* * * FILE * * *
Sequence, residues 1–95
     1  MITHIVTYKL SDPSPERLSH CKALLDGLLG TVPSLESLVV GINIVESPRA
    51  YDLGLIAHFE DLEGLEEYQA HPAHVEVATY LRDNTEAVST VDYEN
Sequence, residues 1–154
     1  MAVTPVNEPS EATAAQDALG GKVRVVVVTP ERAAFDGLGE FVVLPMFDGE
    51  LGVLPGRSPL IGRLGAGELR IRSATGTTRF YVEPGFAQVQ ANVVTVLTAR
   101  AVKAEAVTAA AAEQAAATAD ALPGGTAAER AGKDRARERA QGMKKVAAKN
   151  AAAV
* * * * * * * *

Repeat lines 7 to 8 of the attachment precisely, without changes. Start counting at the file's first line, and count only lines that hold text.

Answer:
   101  AVKAEAVTAA AAEQAAATAD ALPGGTAAER AGKDRARERA QGMKKVAAKN
   151  AAAV